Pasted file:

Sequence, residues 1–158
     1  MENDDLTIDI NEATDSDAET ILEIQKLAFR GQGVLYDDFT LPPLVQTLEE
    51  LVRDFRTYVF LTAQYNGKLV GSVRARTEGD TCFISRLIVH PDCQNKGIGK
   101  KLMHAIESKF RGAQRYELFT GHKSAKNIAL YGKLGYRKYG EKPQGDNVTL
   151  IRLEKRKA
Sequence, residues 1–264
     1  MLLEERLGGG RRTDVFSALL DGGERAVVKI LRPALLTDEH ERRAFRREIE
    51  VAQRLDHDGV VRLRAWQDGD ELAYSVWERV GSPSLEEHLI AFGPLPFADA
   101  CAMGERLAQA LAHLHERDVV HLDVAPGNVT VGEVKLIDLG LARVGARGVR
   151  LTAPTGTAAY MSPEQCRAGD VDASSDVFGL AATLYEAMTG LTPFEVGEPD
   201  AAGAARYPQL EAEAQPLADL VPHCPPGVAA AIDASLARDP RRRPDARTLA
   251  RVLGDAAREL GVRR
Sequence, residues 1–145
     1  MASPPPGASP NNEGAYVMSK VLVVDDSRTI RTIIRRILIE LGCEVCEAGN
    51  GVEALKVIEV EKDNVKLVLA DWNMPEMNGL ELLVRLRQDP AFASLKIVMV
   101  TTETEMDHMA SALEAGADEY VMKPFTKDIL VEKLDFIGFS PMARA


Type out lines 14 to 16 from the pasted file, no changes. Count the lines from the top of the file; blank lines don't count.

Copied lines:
     1  MASPPPGASP NNEGAYVMSK VLVVDDSRTI RTIIRRILIE LGCEVCEAGN
    51  GVEALKVIEV EKDNVKLVLA DWNMPEMNGL ELLVRLRQDP AFASLKIVMV
   101  TTETEMDHMA SALEAGADEY VMKPFTKDIL VEKLDFIGFS PMARA